Friday, October 22, 2021

Girl students in the clutches of pandemic: A tale of future on hold

The dates have been changed on the calendar. We have finally stepped into 2021 with the hope that everything will soon go back to normal. While the economies have started working to restore themselves, there is still no answer to when children will go back to school again.

The pandemic led to the closure of schools for an unknown period. Most of the parents thought with home learning their children will sail-through the lockdown but it turned out to even worse.

According to UNESCO, approximately 0.32 billion students in India have been affected by school closures due to the pandemic. Of these, almost 84% reside in rural areas while 70% attend government schools and though the government was quick to provide online teaching as a viable alternative, it has unfortunately aggravated the already present immense digital divide. 

It’s been an extraordinary transition, affecting everyone from the youngest children entering school right up to young adults in universities.

When teachers were asked to conduct online classes to keep up the pace of the program, it turned out to be an extremely daunting task for them.

Not only the lack of professional online teaching but also the limited access to digital medium become the matter of worry for teachers as students from the poorest families, without Internet access, are more likely to be denied education — widening already deep educational inequalities.

A study by NCERT (2020) reflects that approximately 27% of the students do not have access to smartphones/laptops to attend classes in a virtual world.

The Ministry of Rural Development found that only 47% of Indian households receive more than 12 hours of electricity and more than 36% of schools in India operate without electricity. This suggests that while students from families with better means of living can easily bridge the transition to remote learning, students from underprivileged backgrounds are likely to succumb to inefficiency and a lack of adaptation, either because of the inaccessibility of the technology or the low education of their parents to guide them through tech-savvy applications.

There are millions and millions of students who haven’t seen a classroom since last March.

Even while teachers took painstaking efforts to reach students, it still left the majority of students behind in the race. The majority of students have seen their parents lose jobs as a result they were forced to return to their village and share the responsibility of the family to sustain their livelihood.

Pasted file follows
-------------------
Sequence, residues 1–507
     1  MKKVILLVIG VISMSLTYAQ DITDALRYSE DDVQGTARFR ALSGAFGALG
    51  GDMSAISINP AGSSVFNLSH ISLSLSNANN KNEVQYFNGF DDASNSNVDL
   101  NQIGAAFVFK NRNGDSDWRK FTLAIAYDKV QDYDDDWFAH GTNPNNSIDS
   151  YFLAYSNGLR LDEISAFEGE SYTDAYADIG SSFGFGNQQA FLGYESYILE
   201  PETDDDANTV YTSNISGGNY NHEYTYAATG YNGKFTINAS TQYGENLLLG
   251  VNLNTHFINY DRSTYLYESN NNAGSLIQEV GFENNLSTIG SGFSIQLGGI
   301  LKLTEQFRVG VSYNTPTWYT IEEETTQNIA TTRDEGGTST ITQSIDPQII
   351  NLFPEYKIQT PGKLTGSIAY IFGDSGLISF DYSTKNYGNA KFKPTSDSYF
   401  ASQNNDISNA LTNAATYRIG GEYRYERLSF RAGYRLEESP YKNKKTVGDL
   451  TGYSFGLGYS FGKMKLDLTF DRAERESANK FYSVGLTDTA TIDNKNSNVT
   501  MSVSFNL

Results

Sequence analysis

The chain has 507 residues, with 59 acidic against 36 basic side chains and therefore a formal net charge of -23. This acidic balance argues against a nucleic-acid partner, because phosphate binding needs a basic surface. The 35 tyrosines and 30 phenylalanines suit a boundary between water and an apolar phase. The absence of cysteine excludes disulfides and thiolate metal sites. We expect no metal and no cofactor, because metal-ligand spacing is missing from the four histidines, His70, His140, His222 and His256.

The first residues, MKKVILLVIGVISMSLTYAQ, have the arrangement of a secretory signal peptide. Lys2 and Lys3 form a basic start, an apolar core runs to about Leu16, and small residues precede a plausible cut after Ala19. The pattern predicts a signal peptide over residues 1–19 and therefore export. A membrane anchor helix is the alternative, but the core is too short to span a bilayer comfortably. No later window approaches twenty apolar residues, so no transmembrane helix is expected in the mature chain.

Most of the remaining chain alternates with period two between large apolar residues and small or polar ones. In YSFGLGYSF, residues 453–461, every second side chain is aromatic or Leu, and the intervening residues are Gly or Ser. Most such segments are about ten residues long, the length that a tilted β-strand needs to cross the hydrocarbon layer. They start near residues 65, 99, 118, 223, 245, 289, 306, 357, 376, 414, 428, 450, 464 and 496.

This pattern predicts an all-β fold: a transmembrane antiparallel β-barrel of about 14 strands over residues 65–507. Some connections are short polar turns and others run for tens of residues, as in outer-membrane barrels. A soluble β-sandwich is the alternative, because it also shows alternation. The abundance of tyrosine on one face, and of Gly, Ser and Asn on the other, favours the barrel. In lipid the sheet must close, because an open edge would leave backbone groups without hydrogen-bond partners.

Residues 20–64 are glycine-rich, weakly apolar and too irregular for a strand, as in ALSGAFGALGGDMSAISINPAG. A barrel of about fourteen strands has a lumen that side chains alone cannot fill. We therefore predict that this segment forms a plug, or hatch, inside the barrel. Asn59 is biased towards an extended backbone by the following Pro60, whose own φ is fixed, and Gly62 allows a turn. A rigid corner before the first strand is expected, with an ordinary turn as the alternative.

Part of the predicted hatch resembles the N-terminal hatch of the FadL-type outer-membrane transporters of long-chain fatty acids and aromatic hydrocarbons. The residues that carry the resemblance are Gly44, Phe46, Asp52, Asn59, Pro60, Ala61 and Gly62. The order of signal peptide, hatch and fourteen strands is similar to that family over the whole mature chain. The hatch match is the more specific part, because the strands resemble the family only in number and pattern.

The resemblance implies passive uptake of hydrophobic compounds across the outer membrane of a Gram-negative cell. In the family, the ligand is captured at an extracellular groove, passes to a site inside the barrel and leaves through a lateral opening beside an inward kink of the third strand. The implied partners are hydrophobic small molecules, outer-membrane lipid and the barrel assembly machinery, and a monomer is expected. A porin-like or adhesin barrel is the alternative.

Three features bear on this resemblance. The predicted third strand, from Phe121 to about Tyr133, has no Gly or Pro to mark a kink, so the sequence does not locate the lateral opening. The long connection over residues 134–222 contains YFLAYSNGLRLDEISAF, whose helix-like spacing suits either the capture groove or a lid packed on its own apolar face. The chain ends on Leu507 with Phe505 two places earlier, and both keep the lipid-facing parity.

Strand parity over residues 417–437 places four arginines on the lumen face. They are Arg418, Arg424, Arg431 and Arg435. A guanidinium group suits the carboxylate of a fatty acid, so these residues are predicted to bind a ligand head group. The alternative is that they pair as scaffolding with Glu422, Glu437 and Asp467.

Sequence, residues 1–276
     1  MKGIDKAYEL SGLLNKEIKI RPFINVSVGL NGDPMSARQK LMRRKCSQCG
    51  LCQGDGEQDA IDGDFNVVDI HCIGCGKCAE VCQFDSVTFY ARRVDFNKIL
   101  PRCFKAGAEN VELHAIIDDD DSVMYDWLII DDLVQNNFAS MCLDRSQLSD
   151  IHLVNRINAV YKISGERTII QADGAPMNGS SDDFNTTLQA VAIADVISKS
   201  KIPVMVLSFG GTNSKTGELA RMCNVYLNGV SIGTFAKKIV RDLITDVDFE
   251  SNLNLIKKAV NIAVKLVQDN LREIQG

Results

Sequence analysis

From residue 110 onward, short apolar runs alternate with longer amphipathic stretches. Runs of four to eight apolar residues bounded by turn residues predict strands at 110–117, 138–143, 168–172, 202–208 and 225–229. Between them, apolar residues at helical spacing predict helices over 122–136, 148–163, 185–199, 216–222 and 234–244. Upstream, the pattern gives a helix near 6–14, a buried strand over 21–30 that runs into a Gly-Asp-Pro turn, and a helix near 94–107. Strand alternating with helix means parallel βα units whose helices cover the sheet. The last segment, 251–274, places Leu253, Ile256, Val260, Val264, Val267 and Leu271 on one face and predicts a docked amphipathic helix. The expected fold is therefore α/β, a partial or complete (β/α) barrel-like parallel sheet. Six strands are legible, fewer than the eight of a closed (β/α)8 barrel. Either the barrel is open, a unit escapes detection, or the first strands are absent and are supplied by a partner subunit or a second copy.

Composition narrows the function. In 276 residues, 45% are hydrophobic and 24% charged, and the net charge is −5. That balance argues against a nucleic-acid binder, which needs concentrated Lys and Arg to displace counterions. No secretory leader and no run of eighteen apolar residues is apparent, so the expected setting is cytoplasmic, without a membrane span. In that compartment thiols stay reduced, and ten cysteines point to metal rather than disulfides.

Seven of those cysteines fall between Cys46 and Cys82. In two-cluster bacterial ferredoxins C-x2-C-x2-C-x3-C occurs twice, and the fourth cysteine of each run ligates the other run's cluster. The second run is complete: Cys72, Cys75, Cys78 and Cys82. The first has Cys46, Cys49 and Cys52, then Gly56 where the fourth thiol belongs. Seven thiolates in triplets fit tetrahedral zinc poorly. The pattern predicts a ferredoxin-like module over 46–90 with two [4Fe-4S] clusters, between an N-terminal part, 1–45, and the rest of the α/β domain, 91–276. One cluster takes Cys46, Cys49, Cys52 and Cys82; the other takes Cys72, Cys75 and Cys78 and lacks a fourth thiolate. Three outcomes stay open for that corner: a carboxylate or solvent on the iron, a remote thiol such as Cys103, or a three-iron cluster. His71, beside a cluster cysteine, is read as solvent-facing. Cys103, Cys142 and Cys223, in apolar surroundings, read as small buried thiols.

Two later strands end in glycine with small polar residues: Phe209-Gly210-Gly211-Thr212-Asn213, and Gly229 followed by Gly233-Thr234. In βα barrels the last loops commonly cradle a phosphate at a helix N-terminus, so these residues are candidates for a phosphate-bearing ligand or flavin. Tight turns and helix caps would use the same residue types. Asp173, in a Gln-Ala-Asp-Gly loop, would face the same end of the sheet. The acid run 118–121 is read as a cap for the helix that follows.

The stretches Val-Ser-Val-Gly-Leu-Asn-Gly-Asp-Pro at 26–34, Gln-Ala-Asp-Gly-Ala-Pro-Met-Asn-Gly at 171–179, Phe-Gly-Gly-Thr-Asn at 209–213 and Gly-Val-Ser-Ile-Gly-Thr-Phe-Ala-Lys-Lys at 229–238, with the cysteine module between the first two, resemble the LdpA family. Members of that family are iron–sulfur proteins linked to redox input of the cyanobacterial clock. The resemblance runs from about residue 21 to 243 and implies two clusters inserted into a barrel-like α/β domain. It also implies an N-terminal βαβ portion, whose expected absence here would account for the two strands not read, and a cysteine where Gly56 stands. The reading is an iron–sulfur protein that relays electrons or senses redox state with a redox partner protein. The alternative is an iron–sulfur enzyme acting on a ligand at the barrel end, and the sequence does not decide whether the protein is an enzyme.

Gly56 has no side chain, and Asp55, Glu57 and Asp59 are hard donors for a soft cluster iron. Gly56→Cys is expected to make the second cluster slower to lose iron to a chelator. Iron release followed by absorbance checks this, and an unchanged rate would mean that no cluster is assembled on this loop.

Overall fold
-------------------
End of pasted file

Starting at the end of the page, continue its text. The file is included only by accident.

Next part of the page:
Past results have also suggested that short term disruptions in schooling have often resulted in permanent dropouts. These dropout rates are severe among girls. The inevitable economic backlash of the lockdown is likely to reduce the earning capacity for many poor households and may increase the opportunity cost of sending children to school, especially in rural India.

For girls, especially belonging to the rural area, schools act as the way to come out of a conservative society and make their own future. The Indian government, multinational organizations, and non-profit groups have spent years trying to reduce the gap in school enrolment between boys and girls, with some notable progress. Now such gains are at risk.

 Schools were not only the medium of education, but it also takes care of other aspects necessary for children. The temporary lockdown has also resulted in the suspension of mid-day meals (MDM) and supplementary nutrition program that provided security to thousands of students across the country. In the case of economically disadvantaged families, MDM’s school meals act more as a substitute rather than a complimentary meal, protecting against endemic hunger for the entire family.

By saying this, in any sense, I imply that we should not adapt to the technological changes but what is essential to understand is India is clearly ill-prepared to transition into a digital education system right now, despite staggering progress.

Definitely, moving forward is the hour but education is not a need but a basic human right. And to push for this change, with the limited time and resources that we have, is highly unjust. We need to take a step back and re-evaluate how to deal with the current situation.

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